Bay Area/ San Francisco/ Community & Society
Published on September 30, 2015
The Castro's 'SF Men Knit' Group Stitches Together A CommunitySF Men Knit at Espressamente Illy. (Photos: Steven Bracco/Hoodline)

Walking down Market Street on a Sunday, you may have noticed a group of men in the window of Espressamente Illy who are doing something a bit out of the ordinary: knitting.

SF Men Knit, a men's knitting group, has been meeting at the brightly-lit and comfortable coffee shop since it first opened back in 2013The group received a little added notoriety last December, when they were the subjects of a photo shoot in an issue of San Francisco Magazine.

The group was founded by Lakegan Harris in 2011, when he first moved to San Francisco from Washington, D.C. He saw it as a way to socialize and do something that he loves, while dispelling the notion that knitting is only something that older women do. Prior to the Illy meetup, some of the members met on Mondays in a mixed group of men and women.

SF Men Knit founder Lakegan Harris.

Harris, who's a librarian for the US Geological Survey, enjoys knitting both with the group and on his daily commute to work on Muni and Caltrain. He says he likes the opportunity to make something with his hands and be creative. "No idle hands" is a mantra he lives by.

Currently, the group has a little over 100 members on Facebook. On any given Sunday, you can find somewhere between 15 and 20 men knitting at the cafe.

On the Sunday we dropped by, the men were more than happy to talk about their passion for knitting. They prefer to sit at the front of the cafe, both for the plentiful natural light and the steady "parade of men" going by on Market, Harris says. 

Throughout the morning, the men keep themselves busy with a variety of different projects, chatting amongst themselves and enjoying one another's company. Though yarn-bombing has become popular around the city, none of them are involved. For them, knitting is about making things for themselves and their family members.

Charles Ford, who's been knitting for three years, was working on a section of an orange-and-black blanket. When we asked him how long it would take to complete, he chuckled and said "about three months." Apparently, the group can be a little distracting, slowing down the process of completing a project. Ford originally picked up knitting "as a stress relief from work, or else I would have killed my boss," he laughs.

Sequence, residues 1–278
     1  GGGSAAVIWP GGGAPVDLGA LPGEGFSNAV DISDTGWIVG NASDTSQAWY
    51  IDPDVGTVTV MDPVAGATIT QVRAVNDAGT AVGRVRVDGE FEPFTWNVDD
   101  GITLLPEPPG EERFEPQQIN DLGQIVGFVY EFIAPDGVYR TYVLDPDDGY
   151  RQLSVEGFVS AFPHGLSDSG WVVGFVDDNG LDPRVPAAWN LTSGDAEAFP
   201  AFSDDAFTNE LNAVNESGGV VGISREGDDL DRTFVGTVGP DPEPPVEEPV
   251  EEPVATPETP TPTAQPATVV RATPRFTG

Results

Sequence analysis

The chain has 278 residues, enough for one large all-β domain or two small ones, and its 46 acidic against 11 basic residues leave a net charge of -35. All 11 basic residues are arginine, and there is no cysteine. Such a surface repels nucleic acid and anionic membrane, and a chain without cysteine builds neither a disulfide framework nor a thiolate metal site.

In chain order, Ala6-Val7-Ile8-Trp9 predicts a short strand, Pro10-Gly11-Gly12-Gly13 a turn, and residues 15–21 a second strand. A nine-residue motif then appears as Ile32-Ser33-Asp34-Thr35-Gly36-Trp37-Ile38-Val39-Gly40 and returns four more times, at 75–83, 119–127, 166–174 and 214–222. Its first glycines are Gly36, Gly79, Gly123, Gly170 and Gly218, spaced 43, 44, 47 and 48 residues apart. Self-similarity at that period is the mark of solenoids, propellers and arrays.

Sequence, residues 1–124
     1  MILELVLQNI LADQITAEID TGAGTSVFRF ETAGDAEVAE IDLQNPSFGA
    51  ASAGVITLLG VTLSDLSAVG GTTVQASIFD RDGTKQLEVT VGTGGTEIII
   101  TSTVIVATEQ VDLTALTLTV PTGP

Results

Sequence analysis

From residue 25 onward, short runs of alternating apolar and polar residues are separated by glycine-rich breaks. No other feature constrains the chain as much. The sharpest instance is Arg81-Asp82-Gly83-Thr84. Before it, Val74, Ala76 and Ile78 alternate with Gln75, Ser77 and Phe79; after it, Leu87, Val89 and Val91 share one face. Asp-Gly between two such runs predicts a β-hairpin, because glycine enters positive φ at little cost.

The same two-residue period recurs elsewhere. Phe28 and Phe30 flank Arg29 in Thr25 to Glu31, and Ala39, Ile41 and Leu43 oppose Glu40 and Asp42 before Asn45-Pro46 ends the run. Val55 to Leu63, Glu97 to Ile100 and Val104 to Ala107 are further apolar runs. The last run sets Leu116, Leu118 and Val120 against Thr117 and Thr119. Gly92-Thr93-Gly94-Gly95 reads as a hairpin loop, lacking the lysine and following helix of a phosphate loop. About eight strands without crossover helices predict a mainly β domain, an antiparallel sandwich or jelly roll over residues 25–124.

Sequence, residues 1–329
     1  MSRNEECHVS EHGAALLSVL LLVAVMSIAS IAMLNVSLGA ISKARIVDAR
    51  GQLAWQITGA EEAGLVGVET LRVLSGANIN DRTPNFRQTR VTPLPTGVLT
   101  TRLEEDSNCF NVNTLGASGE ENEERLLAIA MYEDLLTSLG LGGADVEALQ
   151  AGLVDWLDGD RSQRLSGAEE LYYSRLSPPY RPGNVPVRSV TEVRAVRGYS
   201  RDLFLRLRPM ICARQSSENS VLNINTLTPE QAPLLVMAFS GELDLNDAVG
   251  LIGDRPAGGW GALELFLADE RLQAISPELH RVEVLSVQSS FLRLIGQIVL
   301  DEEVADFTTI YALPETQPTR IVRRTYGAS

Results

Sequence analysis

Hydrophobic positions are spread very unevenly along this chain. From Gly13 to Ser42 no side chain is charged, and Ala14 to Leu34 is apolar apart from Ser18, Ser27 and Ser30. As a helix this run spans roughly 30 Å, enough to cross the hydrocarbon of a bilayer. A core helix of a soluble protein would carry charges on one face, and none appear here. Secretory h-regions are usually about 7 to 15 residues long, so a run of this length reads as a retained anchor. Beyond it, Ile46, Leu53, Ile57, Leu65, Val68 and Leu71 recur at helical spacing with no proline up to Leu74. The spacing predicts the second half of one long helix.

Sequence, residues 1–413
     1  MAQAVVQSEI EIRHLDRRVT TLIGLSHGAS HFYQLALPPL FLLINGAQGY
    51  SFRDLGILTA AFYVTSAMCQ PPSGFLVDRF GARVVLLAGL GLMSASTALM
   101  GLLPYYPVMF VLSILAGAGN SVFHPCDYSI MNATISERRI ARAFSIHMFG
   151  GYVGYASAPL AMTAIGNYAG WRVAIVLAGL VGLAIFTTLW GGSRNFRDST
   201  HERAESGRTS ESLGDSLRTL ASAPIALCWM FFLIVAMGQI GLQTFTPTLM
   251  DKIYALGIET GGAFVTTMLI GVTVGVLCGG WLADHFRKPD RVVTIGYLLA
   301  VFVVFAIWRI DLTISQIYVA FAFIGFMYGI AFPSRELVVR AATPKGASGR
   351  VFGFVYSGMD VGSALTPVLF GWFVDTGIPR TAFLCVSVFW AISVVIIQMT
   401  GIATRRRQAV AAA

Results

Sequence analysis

Knitters, from left: Patrick Fitzgerald, Eddie Hosey, and Charles Ford.

Another member of the group, Eddie Hosey, has been knitting since 2003. He taught himself how to knit while he was supporting a friend who was in the hospital, battling cancer. "It was during March Madness, and I can't stand basketball."

Hosey didn't want his friend to pass away alone, so in order to have something to do while he kept his friend company, he decided to teach himself how to knit. His goal was to knit his friend a blanket, but unfortunately was unable to finish it before his friend succumbed to the disease. Hosey now finds himself knitting all the time, most often to pass the time while flying or traveling.

Another member, Kyle Kunnecke, is also passionate about giving back to those with cancer. Kunnecke, who picked up knitting from a female housemate in 2003 and currently teaches seminars around the country, told us about SF Men Knit's support of the group Bay Area Cancer Connections.

Instead of just knitting items for people battling cancer, Kunnecke says they teach patients how to knit for themselves. It provides them a space to talk about what they're going through, and a little bit of an escape from their current reality. Knitting can also help reduce stress and anxiety from the daily dose of treatments and prescription drugs.

Kyle Kunnecke.

Kunnecke is also launching a new knitting-related fundraising campaign, starting October 1st. Called "75 Squares," the campaign will sell handmade scarves, shawls or cowls for $150 each, with proceeds benefiting Project Open Hand. A variety of local knitters contributed work, and Kunnecke told us that "each purchase creates a donation large enough to serve 75 nutritious meals to those in need."

SF Men Knit isn't only for experienced knitters. The group welcomes men at all different levels, and even encourages people new to the craft to stop by and give it a try. Patrick Fitzgerald, another group member, originally started knitting back in the '80s, but had given up on it until three or four months ago, when he stumbled upon the Facebook group and decided to pick it back up again. He says he's had nothing but fun, and learned many tips from the group.

Throughout the morning, plenty of passers-by stopped in to enjoy the sight of the men knitting away, with some even taking photos. Member Tom Harte tells us that "women from other countries are the ones who are especially delighted to see such a large group of men knitting."

The friendships that the knitters develop go far beyond the Sunday meetup. After they finish knitting, they often head out to lunch or to nearby 440 for the beer bust. They also celebrate birthdays together, go hiking, and even have the occasional potluck dinner.

SF Men Knit meets on Sundays at Espressamente Illy from 10am-3pm, and on Wednesdays at Church Street Cafe from 5-9pm. New participants, including those new to knitting, are always welcome.